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on 7 December 2010
Many years ago the ground breaking sketch show Monty Python predicted the rise of the furry menace with a vignette titled "The Mouse Problem", but only now do we have a solution, a final solution provided by Nicole Cushing, with a modest nod to Swift; thin out their ranks by eating 'em.

Furries. You know, people who dress up as animals for various reasons, and not nessecarily because they fancy trying a few ideas from the Farma Sutra. Well, Cushing's reasonable response to their growing numbers is to farm them for food. Seems entirely ethical to me, until we can finally breed those Ameglian Major cows that enjoy being eaten. Come to think of it, Doug Adams WAS a very late Python writer wasn't he? He'd have enjoyed HTEFF, without a salmon of a doubt.

This feast is a "flying circus", a loosely connected series of bizarro skits whose weirdness is nicely tempered by a coherent mythology; a 70s TV show no-one remembers, a literal s**t storm, a war between the Flesh and the Flayed, the machinations of the Pseudo-Amish, and serious discussion of the methodology of farming people in fur suits are all thrown in the pot and seasoned liberally with satire. And it tastes good, just like the best of the old Python, though HTEFF is very much its own dish.

This is a short book, but it's got a lot of meat to it; its certainly enough of a meal that you probably shouldn't have that after dinner mint, even if it is "wafer thin."
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on 9 October 2011
"How to Eat Fried Furries" is just what it says on the unmarked tin. In this flying circus (a literary form conceived by Nicole Cushing and inspired by Bizarro's six grandpappies: Monty Python), there are stories about invading squirrels, the pseudo-Amish, and an assassination attempt on Santa by the Easter Bunny; recipes as adventurous as Fried Furry Squirrel and Amish Burger; and infotainative propaganda by the Ministry of Flesh; all connected by absurd segues and reoccurring themes.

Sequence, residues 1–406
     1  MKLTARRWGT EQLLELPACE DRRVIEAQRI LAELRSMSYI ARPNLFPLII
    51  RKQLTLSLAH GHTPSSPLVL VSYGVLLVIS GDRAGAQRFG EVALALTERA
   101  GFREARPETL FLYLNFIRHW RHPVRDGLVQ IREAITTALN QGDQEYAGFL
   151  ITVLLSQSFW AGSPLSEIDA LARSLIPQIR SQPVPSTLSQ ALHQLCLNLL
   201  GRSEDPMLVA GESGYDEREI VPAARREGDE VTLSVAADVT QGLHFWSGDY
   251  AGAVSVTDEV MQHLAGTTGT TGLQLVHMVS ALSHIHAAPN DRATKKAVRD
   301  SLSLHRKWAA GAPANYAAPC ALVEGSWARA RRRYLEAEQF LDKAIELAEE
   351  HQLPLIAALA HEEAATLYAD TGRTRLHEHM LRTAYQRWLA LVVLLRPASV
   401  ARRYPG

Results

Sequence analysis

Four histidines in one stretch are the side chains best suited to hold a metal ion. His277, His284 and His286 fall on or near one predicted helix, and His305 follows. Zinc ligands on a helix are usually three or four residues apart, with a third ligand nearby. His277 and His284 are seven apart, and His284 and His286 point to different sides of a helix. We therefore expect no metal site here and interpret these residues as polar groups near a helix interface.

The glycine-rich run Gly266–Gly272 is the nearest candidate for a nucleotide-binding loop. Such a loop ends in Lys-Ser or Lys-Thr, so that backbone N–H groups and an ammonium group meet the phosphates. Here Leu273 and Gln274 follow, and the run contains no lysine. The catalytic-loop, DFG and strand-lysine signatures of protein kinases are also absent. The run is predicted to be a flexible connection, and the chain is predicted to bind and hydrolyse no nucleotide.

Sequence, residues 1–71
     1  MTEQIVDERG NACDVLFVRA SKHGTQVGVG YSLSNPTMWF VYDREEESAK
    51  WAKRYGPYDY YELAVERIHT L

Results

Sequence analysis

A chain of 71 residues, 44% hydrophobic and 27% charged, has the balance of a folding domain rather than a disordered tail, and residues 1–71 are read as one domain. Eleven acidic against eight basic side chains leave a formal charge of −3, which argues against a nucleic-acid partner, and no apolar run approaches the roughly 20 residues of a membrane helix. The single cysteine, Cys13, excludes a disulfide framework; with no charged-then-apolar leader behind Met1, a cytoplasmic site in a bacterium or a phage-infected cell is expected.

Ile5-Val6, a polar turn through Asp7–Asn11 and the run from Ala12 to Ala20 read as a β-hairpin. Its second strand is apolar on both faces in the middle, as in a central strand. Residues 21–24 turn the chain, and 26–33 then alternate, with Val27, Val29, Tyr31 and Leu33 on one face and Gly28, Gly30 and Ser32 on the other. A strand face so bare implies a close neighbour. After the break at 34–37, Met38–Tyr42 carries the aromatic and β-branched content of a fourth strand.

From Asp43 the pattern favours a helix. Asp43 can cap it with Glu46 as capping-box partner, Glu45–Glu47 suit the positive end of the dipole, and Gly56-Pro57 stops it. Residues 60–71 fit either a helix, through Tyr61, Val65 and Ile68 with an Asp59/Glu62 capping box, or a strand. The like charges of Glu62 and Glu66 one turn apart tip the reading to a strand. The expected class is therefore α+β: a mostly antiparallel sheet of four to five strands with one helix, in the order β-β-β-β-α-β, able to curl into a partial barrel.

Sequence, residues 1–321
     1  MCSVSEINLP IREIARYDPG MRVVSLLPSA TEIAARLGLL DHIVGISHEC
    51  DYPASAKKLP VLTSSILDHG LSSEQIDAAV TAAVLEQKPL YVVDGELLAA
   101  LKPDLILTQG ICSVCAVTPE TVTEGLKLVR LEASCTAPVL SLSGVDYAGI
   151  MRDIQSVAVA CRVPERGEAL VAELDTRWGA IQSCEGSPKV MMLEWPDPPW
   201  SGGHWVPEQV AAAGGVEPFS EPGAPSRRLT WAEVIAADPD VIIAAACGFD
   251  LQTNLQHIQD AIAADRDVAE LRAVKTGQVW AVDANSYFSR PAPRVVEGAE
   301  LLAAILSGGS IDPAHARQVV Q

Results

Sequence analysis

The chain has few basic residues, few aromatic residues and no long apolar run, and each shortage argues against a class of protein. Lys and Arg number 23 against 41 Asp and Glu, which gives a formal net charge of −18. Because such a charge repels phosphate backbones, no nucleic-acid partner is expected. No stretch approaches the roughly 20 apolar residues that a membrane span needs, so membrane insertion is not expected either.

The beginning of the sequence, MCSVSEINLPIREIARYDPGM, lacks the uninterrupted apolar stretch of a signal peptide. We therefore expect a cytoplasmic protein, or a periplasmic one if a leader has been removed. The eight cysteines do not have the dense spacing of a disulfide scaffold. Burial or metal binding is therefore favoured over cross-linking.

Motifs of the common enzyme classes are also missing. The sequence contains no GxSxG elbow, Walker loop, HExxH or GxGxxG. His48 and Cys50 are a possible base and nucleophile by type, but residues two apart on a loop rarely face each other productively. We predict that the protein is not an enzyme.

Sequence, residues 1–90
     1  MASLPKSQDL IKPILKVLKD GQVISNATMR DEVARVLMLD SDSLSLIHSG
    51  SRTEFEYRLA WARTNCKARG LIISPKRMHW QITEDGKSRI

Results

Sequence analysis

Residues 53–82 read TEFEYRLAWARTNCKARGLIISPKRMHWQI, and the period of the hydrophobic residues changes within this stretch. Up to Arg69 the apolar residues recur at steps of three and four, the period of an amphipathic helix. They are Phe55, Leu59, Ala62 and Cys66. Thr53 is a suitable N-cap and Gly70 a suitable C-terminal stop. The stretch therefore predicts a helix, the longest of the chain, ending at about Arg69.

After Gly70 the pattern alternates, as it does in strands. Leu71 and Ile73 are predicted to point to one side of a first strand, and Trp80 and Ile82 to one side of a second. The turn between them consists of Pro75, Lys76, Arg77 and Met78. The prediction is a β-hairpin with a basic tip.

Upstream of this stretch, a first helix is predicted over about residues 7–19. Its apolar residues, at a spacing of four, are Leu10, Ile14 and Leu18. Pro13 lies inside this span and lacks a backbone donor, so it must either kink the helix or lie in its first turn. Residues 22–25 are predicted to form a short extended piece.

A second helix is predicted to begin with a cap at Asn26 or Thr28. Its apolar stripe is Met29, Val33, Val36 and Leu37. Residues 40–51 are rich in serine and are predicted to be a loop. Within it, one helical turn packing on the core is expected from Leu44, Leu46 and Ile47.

These pieces are all hilarious in a maddening kind of way, packed as they are with sardonic wit and paranoia of the "us vs them" variety, the kind all too prevalent in politics, as this book parodies. Journalists write with rhetorical flourishes and $10 words, describing the decline and fall of Western Civilization, branded as the cure to civilization's three big ills: overpopulation, undernourishment, and methane emissions. That cure is furry farming: dressing people up as animals, and farming them. This flying circus looks at this process of dehumanization from all angles: furries, reverse furries, reverse reverse furries...

This book is a real gem, with juicy morsels on every page. Fun for the whole family, whether they're Flesh, Flayed, or Peking(rhymes with necking)ese.
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